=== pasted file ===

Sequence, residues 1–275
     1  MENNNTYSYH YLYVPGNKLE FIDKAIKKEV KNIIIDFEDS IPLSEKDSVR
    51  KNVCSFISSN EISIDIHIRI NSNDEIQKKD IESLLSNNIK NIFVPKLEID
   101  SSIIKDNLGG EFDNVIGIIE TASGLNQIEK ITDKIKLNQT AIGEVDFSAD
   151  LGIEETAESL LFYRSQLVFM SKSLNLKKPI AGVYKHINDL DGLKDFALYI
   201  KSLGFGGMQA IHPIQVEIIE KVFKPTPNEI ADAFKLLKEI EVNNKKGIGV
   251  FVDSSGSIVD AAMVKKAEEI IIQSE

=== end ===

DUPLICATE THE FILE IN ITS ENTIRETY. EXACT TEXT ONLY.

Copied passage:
Sequence, residues 1–275
     1  MENNNTYSYH YLYVPGNKLE FIDKAIKKEV KNIIIDFEDS IPLSEKDSVR
    51  KNVCSFISSN EISIDIHIRI NSNDEIQKKD IESLLSNNIK NIFVPKLEID
   101  SSIIKDNLGG EFDNVIGIIE TASGLNQIEK ITDKIKLNQT AIGEVDFSAD
   151  LGIEETAESL LFYRSQLVFM SKSLNLKKPI AGVYKHINDL DGLKDFALYI
   201  KSLGFGGMQA IHPIQVEIIE KVFKPTPNEI ADAFKLLKEI EVNNKKGIGV
   251  FVDSSGSIVD AAMVKKAEEI IIQSE